Crazy is the new busy! We’ve been working with leaders in business for well over twenty years and the common mantra to date has always been, “I’m busy, really busy,” or variations on that theme. Since the beginning of last year though, that mantra has changed, “Things are crazy, really crazy!” No points for guessing what’s brought that about...
A lot has changed in leadership in the past year and this has stirred things up a bit, but the fundamentals still remain the same. We thought this episode would be a good time to explore some of the changes that have happened in leadership in the past year, and how you can adjust to those changes.
If you like what’s in this episode, then our next round of Leadership Essentials, starting on April 15th, will be right up your alley. The training covers the fundamentals of leadership and the group coaching helps you integrate those fundamentals into the current circumstances you find yourself in. Applied learning if you like.
Leaders are more tech savvy
Circumstances have forced all of us to adapt to working remotely and video conferencing has become standard for most of us every day. On top of that a lot of us have had to make more use of online project management and communication tools.
For a lot of people, these tools weren’t new. They were already using them, sometimes reluctantly and often in a fairly half-hearted manner. But for many, the use of such tools was completely new, and they were quite disoriented in the process.
Several organisations actually engaged us to do online workshops to help orient their teams to working remotely. Not the ins and outs of the tools themselves, but the process of adapting their mindset to the new ways of working; managing teams without having a direct overview of them, managing time and task without having teammates at hand, and dealing with isolation after working in such social environments.
The key takeaway for leaders is that mastering the tech is only half the battle. Now that the novelty of remote work has worn off, people expect meeting agendas to be circulated in advance and to be kept tight, that meetings stick to the agenda, that key action items and outcomes are agreed, and that reasonable time is allowed for breaks, a minimum of 10 minutes every hour and a half.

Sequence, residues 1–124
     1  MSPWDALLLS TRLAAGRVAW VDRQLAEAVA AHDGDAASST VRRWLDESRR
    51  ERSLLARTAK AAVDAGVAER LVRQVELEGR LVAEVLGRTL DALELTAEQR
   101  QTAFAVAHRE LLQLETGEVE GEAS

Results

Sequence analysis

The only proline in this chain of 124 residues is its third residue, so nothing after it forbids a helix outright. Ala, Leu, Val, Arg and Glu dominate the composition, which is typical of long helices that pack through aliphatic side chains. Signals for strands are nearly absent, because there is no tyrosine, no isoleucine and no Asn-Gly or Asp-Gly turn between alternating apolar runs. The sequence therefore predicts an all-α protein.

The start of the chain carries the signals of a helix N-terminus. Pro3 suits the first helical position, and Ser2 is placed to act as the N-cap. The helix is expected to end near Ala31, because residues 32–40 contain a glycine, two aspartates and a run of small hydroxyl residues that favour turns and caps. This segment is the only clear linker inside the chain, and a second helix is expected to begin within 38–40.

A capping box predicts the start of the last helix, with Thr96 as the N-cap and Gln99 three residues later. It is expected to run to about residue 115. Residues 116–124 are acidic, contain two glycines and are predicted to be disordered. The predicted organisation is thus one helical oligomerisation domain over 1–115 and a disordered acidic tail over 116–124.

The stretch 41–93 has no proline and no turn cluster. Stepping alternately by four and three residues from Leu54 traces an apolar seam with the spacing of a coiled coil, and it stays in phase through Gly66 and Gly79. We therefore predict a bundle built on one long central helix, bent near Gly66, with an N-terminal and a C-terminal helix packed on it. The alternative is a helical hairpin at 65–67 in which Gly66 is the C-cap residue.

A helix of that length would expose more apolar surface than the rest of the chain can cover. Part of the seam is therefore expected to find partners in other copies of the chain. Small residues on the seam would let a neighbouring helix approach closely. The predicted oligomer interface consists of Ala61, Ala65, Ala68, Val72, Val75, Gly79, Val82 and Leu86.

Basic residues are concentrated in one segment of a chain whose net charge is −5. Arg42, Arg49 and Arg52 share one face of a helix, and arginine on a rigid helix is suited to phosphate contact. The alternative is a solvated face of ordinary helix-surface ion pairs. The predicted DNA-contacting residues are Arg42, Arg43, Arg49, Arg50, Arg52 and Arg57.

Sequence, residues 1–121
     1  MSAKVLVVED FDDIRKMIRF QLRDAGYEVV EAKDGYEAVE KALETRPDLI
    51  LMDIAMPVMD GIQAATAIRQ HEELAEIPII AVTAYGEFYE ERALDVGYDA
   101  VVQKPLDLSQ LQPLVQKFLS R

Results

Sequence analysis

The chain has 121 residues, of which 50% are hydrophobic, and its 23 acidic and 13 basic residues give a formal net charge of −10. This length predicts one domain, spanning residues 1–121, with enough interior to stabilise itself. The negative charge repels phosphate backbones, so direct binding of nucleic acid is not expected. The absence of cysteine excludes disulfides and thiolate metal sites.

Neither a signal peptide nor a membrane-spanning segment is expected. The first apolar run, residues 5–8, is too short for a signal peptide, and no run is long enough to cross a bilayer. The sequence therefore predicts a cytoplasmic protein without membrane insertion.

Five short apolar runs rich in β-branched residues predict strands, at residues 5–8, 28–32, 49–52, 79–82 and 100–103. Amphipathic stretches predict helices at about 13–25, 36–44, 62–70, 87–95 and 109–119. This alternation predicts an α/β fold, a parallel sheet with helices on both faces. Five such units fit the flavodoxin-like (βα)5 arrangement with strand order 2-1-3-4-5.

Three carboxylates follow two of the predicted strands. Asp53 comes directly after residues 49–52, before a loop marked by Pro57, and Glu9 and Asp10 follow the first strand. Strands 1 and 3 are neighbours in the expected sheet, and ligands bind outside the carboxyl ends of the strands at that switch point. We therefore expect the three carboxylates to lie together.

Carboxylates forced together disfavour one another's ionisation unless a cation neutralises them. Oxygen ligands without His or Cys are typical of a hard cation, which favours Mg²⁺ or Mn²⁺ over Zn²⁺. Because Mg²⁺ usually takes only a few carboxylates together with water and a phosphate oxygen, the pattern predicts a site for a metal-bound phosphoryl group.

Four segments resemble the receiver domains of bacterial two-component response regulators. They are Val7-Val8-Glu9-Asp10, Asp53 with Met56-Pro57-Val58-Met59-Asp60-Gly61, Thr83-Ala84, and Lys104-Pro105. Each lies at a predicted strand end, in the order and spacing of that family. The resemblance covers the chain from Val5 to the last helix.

Funnily enough, these are the same rules that apply for face-to-face meetings but with less ‘tolerance’ for breaking the rules than you might have become used to in the office environment.
As a facilitator, it also takes more effort to engage people in a remote meeting. It’s harder to ‘read the room’ on screen so make sure you invite everyone to contribute regularly throughout the meeting.
Effective leaders are becoming better listeners, better questioners and better at sharing
Without the benefit of body language, leaders have had to learn how to work harder to glean information from their team members.
It’s easier for someone to stay at a distance if they are literally distanced from you but this also stands in the way of building psychological safety.
So schedule more regular check-ins and learn to read between the lines. Ask deeper questions then give your team members the time and space to respond. We cover these skills in depth in our Leadership Essentials program.
Smart leaders are continuing with team development
It’s tempting to think that team building or team development efforts should be put on hold until the work environment gets back to ‘normal’, or closer to normal than things have been.
It’s going to be quite some time before a lot of ‘old school’ team building activities are practical again, but team development can and should continue.
The distinction between team building and team development is that, with team development, everyone walks away with something that can enhance their level of effectiveness. There is more meaning and purpose to team development than there is to team building.